- User states (glossary)
In order for PMA.core to show content, you need to set up root directories. A root directory is a starting location from which your various whole slide images will be hosted.
The reason for working with root directories offers several advantages:
The concept of root directories is not dissimilar to mapped network drives in the Microsoft Windows operating system, where you map a map such as \\myserver\dir\subdir\subsubdir\ to a (much simpler to remember and address) drive letter.
Since PMA.core 2, a root directory is defined by one or more mounting point. This was done to be able to facilitate geo-replication scenarios.
A mouning point for a root directory may either be a local directory, a UNC share, Azure blob storage, FTP folder, or an Amazon S3 compatible storage.
A Mounting point is a further abstraction of the concept “where are my slides stored?”. While most users will end up having one mounting point per any one root directory, here are the different scenarios in which you could have multiple mounting points:
In order to make root directories work, you need to attach at least one mounting point to it.
The mounting point of a root directory refers to the base directories where the system should look into for whole slide images. All the subdirectories of the root directories are exposed by the application and whole slide images that are discovered are advertised.
Root directories management
Root directories can be managed by selecting the “Root directories” option under the “Settings” section in the left menu.
The list displays all the configured root directories and provides options to add new, edit and delete entries.
Root-directories can be labeled public or private, which allow you to take security precautions when configuring these.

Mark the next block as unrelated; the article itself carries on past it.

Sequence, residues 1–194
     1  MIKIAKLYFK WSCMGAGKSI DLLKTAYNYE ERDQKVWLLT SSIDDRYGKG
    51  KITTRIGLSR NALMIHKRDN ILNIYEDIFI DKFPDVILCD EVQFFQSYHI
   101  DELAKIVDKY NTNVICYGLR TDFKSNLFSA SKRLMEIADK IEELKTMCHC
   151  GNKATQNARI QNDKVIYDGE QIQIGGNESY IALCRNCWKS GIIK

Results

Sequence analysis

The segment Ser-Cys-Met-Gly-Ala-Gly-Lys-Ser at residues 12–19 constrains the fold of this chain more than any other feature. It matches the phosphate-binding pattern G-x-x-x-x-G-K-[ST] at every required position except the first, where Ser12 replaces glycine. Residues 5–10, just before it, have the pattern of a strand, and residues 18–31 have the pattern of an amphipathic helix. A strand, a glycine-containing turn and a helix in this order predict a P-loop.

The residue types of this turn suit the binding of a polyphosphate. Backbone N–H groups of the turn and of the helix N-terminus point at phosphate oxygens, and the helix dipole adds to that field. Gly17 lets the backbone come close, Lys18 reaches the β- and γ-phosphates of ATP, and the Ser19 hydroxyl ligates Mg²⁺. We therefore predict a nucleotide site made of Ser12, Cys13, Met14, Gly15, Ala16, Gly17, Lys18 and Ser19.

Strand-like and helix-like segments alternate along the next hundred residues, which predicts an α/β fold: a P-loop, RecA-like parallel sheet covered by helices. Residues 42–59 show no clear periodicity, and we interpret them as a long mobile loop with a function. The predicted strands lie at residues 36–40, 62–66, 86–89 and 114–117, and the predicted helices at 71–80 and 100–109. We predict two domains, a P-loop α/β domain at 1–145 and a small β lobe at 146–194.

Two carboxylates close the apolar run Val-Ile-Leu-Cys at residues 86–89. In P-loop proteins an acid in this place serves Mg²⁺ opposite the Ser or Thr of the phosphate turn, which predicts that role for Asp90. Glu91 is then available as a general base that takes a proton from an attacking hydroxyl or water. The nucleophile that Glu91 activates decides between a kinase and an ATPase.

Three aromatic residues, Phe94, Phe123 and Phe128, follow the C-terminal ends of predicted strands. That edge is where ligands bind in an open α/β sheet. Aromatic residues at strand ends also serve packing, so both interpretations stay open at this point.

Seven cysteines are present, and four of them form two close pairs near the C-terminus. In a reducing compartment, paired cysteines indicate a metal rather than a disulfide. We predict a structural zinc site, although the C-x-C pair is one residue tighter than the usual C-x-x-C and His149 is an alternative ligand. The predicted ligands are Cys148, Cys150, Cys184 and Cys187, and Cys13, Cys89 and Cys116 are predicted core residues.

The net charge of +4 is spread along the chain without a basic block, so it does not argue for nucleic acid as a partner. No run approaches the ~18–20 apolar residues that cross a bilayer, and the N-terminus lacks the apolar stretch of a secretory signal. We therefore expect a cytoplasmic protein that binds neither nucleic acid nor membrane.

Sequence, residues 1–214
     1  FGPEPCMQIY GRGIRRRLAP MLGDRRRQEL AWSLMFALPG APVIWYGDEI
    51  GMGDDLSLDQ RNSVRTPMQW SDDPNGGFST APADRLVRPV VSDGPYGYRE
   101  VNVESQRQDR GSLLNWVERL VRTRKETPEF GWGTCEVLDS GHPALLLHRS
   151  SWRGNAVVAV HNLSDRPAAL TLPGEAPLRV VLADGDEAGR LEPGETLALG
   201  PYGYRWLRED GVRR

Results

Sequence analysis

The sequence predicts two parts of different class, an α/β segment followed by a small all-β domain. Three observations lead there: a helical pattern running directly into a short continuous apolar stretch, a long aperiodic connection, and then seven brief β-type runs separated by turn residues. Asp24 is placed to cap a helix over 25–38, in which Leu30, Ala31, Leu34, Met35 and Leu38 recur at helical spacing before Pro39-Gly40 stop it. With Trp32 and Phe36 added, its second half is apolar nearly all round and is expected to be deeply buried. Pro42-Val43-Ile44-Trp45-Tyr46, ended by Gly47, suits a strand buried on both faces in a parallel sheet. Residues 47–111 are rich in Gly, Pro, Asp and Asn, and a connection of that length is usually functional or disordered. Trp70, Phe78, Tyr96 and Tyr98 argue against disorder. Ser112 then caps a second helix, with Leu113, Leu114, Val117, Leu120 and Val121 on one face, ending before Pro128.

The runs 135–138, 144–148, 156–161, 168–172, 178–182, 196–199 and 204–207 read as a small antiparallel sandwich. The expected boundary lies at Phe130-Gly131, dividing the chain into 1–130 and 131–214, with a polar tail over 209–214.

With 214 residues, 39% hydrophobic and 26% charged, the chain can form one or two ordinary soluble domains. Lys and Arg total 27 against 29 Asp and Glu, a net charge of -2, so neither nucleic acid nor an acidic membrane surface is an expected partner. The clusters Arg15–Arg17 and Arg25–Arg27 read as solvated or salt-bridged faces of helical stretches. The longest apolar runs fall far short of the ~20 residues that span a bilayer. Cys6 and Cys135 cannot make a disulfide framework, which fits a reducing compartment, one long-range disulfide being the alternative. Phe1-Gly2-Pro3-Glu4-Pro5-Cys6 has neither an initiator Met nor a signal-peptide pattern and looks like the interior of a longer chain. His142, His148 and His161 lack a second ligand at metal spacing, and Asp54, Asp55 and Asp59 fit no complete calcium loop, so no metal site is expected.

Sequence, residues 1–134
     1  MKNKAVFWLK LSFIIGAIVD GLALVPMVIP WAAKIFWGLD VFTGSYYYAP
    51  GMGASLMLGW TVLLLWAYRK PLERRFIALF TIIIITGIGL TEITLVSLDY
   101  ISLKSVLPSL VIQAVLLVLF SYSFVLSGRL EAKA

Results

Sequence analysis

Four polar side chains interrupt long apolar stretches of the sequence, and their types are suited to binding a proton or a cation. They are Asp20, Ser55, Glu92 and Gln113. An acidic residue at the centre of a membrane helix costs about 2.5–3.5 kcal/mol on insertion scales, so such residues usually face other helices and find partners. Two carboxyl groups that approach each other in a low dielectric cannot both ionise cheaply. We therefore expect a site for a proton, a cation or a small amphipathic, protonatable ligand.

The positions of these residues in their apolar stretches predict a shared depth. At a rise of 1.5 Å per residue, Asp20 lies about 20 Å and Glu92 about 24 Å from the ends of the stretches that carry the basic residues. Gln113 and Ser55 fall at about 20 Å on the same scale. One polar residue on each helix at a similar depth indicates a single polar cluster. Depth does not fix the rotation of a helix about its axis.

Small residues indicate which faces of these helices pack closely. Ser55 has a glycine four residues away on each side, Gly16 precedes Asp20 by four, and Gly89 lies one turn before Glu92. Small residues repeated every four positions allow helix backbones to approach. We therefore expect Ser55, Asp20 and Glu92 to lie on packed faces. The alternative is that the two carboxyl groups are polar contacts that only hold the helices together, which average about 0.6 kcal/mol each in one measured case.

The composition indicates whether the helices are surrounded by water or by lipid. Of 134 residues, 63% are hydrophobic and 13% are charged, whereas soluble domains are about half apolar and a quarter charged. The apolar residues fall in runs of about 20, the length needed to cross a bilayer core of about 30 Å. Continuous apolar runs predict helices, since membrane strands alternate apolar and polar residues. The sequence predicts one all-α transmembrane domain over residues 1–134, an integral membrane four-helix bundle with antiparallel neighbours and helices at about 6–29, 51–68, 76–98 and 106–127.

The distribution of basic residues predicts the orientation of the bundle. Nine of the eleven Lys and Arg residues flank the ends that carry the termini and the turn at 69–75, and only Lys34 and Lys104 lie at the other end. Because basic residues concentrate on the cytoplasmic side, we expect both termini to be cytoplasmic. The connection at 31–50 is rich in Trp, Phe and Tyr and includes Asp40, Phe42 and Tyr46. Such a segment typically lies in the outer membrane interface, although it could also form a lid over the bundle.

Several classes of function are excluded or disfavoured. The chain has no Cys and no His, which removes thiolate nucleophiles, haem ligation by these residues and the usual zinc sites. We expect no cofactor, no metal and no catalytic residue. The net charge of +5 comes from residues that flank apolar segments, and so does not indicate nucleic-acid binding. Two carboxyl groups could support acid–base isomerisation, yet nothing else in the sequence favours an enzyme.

You can edit the following properties of a root directory
|Alias||The unique name or alias for the root directory|
|Description||An aribitrary string that can help administrator in the future remember what your root directory is actually about. The Description field of a root directory can also be used to hide additional information about a group of data that you don't want everybody to know about immediately. Do not use this field for sensitive information, as it can be seen by everyone with access to PMA.core. If you're an instructor working with students e.g., it's perfectly ok to enter reminders for yourself in this field like “these are all trick-questions”…|
|Quota||You can set a limit on the amount of data that you want to allow PMA.core to manage in a particular for. This can be useful when facilitating temporary workers, visiting staff, residents or other students that only will be at your department for a brief period of time. If you don't want to restrict the amount of data, you can leave the default value of 0 in place.|
|Offline||When checked, the folder will not be available to downstream applications like PMA.studio. Maybe you're just creating a placeholder for a future department, or you're not done curating a new collection yet. Instructors can also use this option to prepare a list of exam slides and only expose them to students for a limited amount of time (we don't offer scheduling though; you're still going to have to flick the proverbial switch manually)|
|Prevent rendering of labels/barcodes||This prevents any slide in this root directory to show any label or barcode image. This is done primarily for anonymization of the slide|
Root directories can be either public or private.
Who's accessed what (either public or private) folder can be monitored via the Access log tab.
Apart from manipulating root directories, monitoring their use is an important aspect of our software as well.
You can monitor logs for several kinds of acivity:
The audit trail tab conbines any operations that were performed on both root directory entries and underlaying mounting point entries.
The presented information 21 CFR pârt 11 compliant.
In addition to an audit trail, an activity log is available that chronologically tell you which user has been accessing what slides in the root directory:
When problems persist over time, a structured and proactive approach is warranted.
When you suspect certain slides in a particular root directory are corrupt, you can run an integrity check on a particular folder:
This attempts to read all slides in a folder and reports on the ones that fail. You should then try to find out why such slides cannot be read.
For problems that only occur occasionally and don't appear to be persistent, Elmah logs are available to assist in for ad-hoc troubleshooting.